Daughters of Eve
The women portrayed here all played decisive roles in the biblical narrative.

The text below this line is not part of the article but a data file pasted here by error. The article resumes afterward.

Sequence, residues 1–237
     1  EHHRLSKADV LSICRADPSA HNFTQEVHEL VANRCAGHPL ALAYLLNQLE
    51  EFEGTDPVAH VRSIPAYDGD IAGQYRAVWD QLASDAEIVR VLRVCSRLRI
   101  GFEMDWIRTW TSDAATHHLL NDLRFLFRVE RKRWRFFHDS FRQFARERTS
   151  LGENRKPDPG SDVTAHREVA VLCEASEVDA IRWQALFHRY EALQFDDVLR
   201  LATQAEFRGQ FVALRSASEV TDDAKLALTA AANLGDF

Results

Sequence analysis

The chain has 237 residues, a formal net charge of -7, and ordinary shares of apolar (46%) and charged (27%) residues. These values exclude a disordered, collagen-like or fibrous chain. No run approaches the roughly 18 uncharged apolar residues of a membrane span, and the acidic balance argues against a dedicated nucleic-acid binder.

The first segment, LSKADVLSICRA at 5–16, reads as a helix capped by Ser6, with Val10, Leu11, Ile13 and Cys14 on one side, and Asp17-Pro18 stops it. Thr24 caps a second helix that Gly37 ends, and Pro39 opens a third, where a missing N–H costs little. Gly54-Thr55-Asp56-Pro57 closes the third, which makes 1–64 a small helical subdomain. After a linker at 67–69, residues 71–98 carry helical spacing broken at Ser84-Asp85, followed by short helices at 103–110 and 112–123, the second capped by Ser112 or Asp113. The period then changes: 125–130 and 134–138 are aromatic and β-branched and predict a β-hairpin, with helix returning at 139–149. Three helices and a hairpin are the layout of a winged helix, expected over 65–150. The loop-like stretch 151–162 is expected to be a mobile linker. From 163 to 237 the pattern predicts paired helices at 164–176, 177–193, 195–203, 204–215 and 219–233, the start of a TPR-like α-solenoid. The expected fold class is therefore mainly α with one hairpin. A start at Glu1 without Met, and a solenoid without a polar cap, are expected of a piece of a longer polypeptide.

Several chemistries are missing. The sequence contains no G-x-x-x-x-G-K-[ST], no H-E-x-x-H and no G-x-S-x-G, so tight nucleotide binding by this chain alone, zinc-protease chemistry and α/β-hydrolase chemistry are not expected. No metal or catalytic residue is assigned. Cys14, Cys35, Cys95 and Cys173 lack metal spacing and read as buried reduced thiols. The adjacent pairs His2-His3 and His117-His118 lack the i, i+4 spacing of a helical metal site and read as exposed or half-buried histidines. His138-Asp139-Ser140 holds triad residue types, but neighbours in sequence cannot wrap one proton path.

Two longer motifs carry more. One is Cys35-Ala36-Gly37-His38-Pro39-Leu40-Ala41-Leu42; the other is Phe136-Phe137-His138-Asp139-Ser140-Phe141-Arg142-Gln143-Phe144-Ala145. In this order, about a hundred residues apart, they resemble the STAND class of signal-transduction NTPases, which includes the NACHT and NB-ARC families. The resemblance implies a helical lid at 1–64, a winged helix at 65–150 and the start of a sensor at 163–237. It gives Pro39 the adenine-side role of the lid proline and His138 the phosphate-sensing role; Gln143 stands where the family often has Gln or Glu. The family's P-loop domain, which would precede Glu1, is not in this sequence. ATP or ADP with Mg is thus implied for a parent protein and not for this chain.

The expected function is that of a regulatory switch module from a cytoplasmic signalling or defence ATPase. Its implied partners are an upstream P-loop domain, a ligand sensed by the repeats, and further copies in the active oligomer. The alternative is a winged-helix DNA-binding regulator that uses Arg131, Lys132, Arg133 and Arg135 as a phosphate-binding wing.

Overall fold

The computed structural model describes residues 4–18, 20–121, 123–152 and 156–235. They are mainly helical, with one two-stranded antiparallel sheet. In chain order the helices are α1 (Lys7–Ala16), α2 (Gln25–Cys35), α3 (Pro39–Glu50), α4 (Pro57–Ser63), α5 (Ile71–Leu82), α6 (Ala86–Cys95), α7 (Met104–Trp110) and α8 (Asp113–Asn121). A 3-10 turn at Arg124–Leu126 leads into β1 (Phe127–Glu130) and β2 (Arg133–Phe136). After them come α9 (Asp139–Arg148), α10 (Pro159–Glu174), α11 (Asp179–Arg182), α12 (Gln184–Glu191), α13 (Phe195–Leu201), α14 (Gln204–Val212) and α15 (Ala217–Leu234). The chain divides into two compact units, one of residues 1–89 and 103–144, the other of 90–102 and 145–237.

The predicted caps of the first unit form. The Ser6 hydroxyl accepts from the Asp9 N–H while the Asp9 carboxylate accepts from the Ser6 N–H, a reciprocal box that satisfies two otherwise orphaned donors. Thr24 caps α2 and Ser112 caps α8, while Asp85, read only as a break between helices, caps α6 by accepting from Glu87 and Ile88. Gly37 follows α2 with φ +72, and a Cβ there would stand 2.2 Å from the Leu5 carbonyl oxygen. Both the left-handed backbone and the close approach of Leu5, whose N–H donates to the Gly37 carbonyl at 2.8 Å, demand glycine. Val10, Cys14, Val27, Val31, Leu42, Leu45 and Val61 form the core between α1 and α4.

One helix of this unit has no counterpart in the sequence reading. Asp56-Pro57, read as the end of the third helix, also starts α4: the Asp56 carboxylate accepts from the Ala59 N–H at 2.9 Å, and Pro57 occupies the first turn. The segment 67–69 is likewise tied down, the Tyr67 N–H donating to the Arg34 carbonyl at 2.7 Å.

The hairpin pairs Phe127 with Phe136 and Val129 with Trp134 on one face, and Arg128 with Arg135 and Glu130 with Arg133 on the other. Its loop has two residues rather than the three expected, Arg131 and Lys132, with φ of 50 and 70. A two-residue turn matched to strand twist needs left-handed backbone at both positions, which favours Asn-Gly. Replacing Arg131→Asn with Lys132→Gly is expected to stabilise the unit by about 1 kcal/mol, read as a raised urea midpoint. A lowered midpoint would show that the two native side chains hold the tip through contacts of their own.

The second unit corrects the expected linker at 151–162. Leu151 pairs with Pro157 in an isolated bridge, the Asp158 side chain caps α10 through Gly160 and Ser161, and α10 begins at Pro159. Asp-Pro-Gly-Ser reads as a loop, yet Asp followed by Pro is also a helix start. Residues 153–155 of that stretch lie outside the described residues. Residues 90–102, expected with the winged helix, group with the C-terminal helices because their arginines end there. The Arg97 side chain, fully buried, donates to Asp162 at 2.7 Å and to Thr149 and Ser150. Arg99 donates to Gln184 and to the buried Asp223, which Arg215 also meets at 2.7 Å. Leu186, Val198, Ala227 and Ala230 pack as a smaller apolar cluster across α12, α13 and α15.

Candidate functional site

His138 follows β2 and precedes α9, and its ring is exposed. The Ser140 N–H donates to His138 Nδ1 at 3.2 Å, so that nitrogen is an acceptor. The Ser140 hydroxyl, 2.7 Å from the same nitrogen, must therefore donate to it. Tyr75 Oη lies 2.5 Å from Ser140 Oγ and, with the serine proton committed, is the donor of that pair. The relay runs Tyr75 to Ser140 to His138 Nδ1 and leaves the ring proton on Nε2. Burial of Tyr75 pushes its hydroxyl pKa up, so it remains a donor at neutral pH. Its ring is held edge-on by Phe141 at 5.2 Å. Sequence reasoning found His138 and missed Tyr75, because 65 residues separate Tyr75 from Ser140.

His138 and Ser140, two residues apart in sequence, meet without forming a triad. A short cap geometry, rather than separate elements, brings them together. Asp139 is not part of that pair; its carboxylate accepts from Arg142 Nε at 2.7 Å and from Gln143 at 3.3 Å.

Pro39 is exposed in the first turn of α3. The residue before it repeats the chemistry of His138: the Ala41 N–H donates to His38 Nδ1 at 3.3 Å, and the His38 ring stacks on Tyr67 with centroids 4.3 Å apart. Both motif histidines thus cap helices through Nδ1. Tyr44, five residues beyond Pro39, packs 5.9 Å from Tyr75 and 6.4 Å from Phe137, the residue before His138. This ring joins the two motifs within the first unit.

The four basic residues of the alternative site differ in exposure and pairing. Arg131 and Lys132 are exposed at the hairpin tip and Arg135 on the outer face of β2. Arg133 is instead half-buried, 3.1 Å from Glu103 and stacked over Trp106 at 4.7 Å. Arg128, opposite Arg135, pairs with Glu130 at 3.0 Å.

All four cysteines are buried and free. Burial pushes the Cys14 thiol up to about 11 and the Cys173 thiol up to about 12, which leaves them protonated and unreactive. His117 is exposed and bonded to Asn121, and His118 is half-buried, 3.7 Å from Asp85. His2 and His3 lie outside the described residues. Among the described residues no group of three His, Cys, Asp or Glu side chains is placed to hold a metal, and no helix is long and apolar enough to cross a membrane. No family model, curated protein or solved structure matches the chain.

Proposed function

The women portrayed in the pages that follow all played decisive roles during the thousands of years covered by the biblical narrative. What is particularly intriguing about them is that most of them circumvent male authority in a patriarchal society, and some even subvert it. Even more remarkable is the fact that these women, other than the ruthless Jezebel, are never punished for their unconventional conduct. On the contrary, the biblical scribes treat the women with deep sympathy and are sensitive to their plight. All of them, with the exception of Jezebel, are rewarded for their boldness.Most of the women defy male authority when it is unjust or fails to answer their needs or those of their family or people. They belong to a patriarchal society in which men hold all visible power, and their options are few and stark. Given these circumstances, the women challenge, seduce, and trick. They take risks, and some, such as Queen Esther and Judah's daughter-in-law Tamar, are prepared to stake their lives on the outcome. Both Tamar and Ruth are widows who would be doomed to a life of poverty and anonymity but for the initiative they take in devising careful plans of sexual seduction. Not only do the men respond, but the descendants of their acts of seduction become progenitors of the House of David generations later. Both women are rewarded for the risk they take to ensure the survival of the family.We are drawn to their vulnerabilities as much as to their strengths. Like the timeless heroines of the Hebrew Bible, we too struggle to love, to parent, to succeed in relationships, and to make our way through the labyrinth of a dangerous world. In each of the stories, the women are the protagonists around whom the action revolves.The young Eve speaks to us with her optimism as she leaves the Garden of Eden with her man to start adult life in the real and imperfect world. Our heart aches for Sarah, who, with the best of intentions, puts another woman into the bed of her husband, Abraham, to produce the son she cannot conceive. The illicit and passionate love affair between David and Bathsheba, although it matures into a long-term marriage, raises serious and troubling universal issues. These are but a few of the compelling stories of the women of the Bible whose lives resonate with us today.Now that women have begun studying the biblical text in substantial numbers, feminist scholars and others have begun writing much about women in the Bible. Some of them feature fighters like Deborah, the biblical Joan of Arc, who leads the Israelites in battle, and the midwives Puah and Shifrah, who save Hebrew male babies despite Pharaoh's edict to drown them in the Nile. Another heroine is the prostitute Rahab, who risks her life to help Joshua's spies escape from Jericho. While the Bible recounts the actions for which these heroines are remembered, it tells us nothing about their interior lives and processes of decision and thus gives few clues how we can emulate them today.Except for Delilah and Jezebel, these are women with whom many of us are able to identify and who interact with the men in their lives with surprising results. These intelligent, brave women dare to take the initiative. They are assertive, unwilling to be victims in the face of overwhelming circumstances. They are not looking for ways to raise their self-esteem, nor are their lives directed by a need to "feel comfortable." What keeps them going despite adverse circumstances is the power of a purpose-driven life and an all-embracing faith—values that demand both a long-term view of history and a decisive, resourceful approach to the immediate present.One is hard put to find in them a hint of alienation, cynicism, or ennui. On the contrary, they convey a can-do approach to life as they prevail, overcome, and refuse to bow in the face of overwhelming odds. They make and execute their imperfect decisions to the best of their abilities, and they are willing to acknowledge and live with the consequences of their actions—the essential meaning of the responsibility and accountability that accompanies free will, God's greatest gift to humans.